Posted on January 25, 2016
The National Business Review interviewed me late on Friday regarding my response to the Unitary Plan Hearings Panel’s decision to refuse to allow additional submissions on council’s substantial up-zoning plans. The article is pay to view unfortunately as is the radio interview I did, but in it I say that none of the six reasons the Hearings Panel Chair gives are compelling.
At last report, the panel had space available to hear more submissions. I said they could have set criteria to allow some of those most affected to submit and that my motivation for doing this was partly to help get a better quality unitary plan.
I also said that it will now be much harder to achieve this, and that public concern about the process and what comes out of it will only grow.
For those needing background, just prior to Christmas Auckland Council released substantially proposed changes to the residential zones in the Draft Unitary Plan. If confirmed by the Hearings Panel, this will mean the zoning for many suburban houses around Auckland will be intensified from the previously proposed single-house or mixed-house residential zone.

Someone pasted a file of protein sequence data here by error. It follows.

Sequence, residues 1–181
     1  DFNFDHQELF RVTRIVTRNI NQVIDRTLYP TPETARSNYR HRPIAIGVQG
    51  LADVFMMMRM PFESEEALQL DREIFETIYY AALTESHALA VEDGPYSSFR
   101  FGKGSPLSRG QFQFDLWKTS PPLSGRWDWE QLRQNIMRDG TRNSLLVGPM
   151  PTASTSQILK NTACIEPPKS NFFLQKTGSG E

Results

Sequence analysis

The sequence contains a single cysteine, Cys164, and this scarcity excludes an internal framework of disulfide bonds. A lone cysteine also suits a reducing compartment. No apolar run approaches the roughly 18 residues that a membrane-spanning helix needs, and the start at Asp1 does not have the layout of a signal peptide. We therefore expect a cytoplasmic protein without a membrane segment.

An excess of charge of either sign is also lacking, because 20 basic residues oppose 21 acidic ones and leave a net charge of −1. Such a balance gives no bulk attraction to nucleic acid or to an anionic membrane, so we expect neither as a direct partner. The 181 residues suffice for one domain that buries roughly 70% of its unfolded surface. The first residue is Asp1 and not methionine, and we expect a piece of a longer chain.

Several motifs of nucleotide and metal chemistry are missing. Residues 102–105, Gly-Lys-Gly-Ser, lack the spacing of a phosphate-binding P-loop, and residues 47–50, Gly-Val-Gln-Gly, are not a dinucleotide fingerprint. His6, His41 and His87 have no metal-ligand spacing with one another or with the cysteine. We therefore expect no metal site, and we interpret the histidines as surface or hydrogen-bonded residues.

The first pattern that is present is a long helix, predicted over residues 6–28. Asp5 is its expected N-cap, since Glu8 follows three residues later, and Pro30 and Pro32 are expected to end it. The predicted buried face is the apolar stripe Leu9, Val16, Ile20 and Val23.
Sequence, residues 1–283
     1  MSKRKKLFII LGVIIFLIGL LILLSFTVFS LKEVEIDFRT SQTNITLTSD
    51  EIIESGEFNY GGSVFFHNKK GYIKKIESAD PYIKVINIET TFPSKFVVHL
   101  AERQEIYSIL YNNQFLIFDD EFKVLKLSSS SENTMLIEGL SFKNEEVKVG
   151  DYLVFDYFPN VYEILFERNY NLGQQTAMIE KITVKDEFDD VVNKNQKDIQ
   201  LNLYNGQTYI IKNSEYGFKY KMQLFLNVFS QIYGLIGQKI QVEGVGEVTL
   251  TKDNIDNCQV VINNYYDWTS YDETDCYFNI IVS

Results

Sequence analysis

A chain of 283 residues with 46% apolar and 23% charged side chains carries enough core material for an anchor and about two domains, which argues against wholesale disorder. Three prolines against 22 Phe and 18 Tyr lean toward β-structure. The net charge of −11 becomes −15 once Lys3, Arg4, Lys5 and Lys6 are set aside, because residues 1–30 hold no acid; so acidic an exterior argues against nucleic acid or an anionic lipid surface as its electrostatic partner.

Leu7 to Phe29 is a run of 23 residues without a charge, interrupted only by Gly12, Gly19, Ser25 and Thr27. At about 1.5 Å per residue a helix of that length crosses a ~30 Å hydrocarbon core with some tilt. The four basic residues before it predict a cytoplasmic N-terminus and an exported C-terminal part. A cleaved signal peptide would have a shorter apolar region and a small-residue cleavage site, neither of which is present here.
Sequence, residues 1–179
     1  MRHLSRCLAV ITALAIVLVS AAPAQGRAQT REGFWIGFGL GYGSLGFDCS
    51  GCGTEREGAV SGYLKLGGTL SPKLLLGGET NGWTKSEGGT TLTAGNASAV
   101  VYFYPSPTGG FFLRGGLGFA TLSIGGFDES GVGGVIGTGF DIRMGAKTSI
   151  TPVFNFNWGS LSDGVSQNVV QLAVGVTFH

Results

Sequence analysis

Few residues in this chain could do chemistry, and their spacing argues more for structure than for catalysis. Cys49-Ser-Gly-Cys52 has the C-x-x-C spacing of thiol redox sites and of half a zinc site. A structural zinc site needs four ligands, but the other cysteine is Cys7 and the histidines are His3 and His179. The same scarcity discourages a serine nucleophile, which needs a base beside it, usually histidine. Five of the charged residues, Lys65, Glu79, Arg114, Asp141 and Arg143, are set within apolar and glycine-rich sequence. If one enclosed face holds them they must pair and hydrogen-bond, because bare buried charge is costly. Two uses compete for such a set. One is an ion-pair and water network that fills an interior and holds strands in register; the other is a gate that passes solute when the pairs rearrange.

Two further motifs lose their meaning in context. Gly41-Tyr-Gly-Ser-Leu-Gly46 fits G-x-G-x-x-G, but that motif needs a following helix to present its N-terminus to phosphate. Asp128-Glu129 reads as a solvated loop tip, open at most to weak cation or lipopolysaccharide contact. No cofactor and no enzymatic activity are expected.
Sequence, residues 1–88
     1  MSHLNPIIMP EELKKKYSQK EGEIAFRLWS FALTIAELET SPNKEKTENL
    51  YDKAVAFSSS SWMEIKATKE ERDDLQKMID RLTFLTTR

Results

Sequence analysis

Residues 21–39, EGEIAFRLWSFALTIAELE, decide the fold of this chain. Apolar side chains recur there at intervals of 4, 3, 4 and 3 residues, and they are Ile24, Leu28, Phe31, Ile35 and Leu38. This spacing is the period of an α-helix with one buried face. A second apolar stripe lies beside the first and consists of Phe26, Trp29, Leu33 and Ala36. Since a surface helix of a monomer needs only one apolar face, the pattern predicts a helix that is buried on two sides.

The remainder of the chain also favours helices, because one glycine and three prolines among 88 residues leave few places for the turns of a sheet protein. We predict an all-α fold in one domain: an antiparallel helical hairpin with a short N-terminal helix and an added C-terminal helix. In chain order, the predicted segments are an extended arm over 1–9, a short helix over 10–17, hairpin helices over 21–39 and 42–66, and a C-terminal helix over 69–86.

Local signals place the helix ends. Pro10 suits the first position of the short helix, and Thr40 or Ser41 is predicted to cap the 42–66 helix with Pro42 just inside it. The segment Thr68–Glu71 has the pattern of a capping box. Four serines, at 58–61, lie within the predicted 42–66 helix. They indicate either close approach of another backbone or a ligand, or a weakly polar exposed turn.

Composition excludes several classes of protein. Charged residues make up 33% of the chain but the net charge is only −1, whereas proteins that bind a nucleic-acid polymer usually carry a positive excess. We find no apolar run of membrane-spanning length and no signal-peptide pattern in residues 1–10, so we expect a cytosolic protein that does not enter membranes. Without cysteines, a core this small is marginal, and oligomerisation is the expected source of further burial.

Many of these changes are what are called “out of scope” meaning no-one asked for them – but council officers have decided that the greatest degree of intensification possible is preferable.
This is a very bad decision for a number of reasons. It completely breaches faith with the work many of us did in 2013 when councillors and local board reps came together to agree the Draft Plan. It also assumes a “everyone bears the pain” philosophy – even where this makes neither good economic nor planning sense. It also comes towards the end of the Unitary Plan hearings process and many of those affected will not have submitted on the issue because of course they didn’t know about it.
I wrote to the Chair of the Hearings Panel on 18 December asking him to allow some further submissions – in the interests of getting a better quality unitary plan. Last week he denied my request which I called hugely disappointing and unfair.
I don’t believe his reasons for declining further submissions stack up, and Auckland’s Unitary Plan will be the poorer for it.